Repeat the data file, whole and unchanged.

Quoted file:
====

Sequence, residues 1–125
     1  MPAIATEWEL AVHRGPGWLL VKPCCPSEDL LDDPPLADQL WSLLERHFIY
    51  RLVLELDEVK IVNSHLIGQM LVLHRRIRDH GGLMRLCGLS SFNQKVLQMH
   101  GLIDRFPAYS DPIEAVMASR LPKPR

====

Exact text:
Sequence, residues 1–125
     1  MPAIATEWEL AVHRGPGWLL VKPCCPSEDL LDDPPLADQL WSLLERHFIY
    51  RLVLELDEVK IVNSHLIGQM LVLHRRIRDH GGLMRLCGLS SFNQKVLQMH
   101  GLIDRFPAYS DPIEAVMASR LPKPR